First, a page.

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To Know, Love, and Serve

David Cowles

Dec 5, 2023

“…Everything I do begins with a primal appetition for the Good, manifest as Truth, Beauty, and Justice. Where I go from there is up to me (free will).”

AA instructs each of us to identify our own Higher Power (HP), aka ‘God’, as each of us understands the term, and then to turn over the management of our lives to that HP. 

“I’m not religious but I’m spiritual,” has become a popular, albeit dubiously meaningful, cliché. It’s one of those memes where N=1: everyone who says it means something different by it. But there is at least one ‘person’ who is entitled to use the phrase meaningfully and consistently and that ‘person’ is a ‘corporate person’: Alcoholics Anonymous.

AA is nothing if not spiritual. Its archenemy is the inflated ego, the illusion (or dream) of control that abides in each of us, curled up like Kundalini at the base of our spines. In the real world, there are things we can change and things we can’t: wisdom is knowing which is which and virtue is having the serenity to accept what we can’t change and the courage to change what we can.

In the Wild West, some ‘woke’ bars required patrons to check their guns at the door; AA asks you to check your ego, i.e., to subcontract your ego-function to your Higher Power. But AA is not ‘religious’; when it comes to Higher Powers, AA is agnostic. Your HP might be YHWH or Christ or the ancient oak at the corner of your street, or a particularly tight group of friends.

Anyway, now you have ‘faith’; you have ‘ultimate concern’ (Paul Tillich). Immediately, a great weight is lifted. You’re no longer ‘required’ to accumulate possessions, amass power, maximize pleasure, control those around you; you’re no longer required to manage the world. You have turned that part of you over to your Higher Power; but then what? What’s left?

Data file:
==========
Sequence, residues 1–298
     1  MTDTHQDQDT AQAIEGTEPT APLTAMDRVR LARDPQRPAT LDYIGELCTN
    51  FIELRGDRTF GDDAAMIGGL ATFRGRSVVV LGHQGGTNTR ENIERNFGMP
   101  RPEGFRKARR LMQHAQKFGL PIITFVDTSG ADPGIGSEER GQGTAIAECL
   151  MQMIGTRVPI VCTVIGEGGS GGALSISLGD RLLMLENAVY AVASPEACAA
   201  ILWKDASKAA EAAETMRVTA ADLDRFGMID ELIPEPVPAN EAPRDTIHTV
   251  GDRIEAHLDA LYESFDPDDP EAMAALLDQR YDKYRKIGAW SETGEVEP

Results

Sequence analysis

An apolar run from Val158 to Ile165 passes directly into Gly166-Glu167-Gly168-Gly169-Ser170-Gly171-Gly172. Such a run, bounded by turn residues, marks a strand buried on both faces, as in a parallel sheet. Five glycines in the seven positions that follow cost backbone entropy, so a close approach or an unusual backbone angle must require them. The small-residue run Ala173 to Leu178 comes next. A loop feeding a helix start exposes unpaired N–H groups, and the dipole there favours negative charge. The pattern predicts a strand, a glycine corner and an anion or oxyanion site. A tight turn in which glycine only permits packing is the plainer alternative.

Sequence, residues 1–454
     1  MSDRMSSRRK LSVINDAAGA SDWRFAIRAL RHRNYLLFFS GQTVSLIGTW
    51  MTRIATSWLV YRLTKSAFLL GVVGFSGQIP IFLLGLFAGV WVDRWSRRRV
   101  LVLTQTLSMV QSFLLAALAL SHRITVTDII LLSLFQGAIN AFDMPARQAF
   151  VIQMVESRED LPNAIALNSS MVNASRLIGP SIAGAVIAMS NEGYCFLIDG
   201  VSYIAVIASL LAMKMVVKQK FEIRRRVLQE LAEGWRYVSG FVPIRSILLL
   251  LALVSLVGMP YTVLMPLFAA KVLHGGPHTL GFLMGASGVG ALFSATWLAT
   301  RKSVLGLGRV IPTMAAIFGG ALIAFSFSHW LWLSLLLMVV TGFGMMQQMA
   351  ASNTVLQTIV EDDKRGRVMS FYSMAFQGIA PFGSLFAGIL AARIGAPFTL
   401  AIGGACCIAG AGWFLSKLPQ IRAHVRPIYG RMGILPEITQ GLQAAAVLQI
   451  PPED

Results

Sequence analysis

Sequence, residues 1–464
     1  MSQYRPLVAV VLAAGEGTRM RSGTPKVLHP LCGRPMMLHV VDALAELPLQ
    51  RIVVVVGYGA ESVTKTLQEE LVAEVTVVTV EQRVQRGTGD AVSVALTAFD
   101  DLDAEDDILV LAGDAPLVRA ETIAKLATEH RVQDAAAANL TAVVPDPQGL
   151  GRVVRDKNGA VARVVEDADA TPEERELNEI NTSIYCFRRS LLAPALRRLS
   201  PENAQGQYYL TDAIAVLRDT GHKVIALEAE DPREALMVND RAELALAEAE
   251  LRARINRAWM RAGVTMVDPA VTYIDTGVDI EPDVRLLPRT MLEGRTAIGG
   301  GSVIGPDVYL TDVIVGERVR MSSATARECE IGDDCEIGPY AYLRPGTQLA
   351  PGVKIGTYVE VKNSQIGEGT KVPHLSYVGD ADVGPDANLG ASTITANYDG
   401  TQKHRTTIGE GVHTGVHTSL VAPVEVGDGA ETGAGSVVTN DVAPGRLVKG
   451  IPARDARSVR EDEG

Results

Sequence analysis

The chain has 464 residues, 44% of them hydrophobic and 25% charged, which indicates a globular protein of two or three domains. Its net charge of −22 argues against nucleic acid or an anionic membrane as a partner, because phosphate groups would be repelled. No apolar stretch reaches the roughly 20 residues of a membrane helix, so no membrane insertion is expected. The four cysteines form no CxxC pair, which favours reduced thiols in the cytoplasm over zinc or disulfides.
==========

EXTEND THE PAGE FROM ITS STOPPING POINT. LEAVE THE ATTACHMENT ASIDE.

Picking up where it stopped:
According to the Baltimore Catechism (c. 1955), we exist, not accidentally, but for a purpose, and that purpose is to know, love, and serve God (our Higher Power). Vatican II was a wonderful thing…until it wasn’t. It reinterpreted Roman Catholic dogma and liturgy, hoping to make it more relevant in the Post WWII era. But it disrupted a lot of sincere spiritual practices, and it created an unintended barrier between the traditional and the modern.

As a result, today we have a tendency to ignore or even belittle pre-Vatican II spirituality, including the idea that we exist to know, love, and serve God. In fact, this dictum has never been more relevant than it is today.

Recently, I was explaining this idea to a family member who asked, innocently, “Is that how you live your life - knowing, loving, and serving God?” Don’t worry, I won’t be trying on any undeserved haloes any time soon! But I thought to myself, “What else could I be doing? What else is there to do?” I mean, after shedding all my ego attachments (as if), what else is left? 

Every action – mine, yours, an amoeba’s, or an electron’s – is a reaction to the world that is and an anticipation of a world that might be. (Bobby Kennedy: “I dream of things that never were and ask, why not?”) It is motivated and directed by the values resident in your HP, aka God. According to Aquinas, et al., from God’s eternal perspective, Value is simple…and singular: it’s ‘the Good’. Just as white light refracts to generate a rainbow, so the Good refracts… It manifests itself in the spatiotemporal world primarily as Truth, Beauty, and Justice. 

So everything I do begins with a primal appetition for the Good, manifest as Truth, Beauty, and Justice. Where I go from there is up to me (free will). If I choose, I may turn Truth into propaganda, Beauty into pornography, and Justice into power. I can corrupt my Higher Power’s values to serve the interests of the ego I have not yet shed after all. But none of this is knowing, loving, or serving my HP, God.

I ‘know God’ when I seek Truth; I ‘love God’ when I foster Beauty; I ‘serve God’ when I act justly. So I ask again, what else is there for me to do? 


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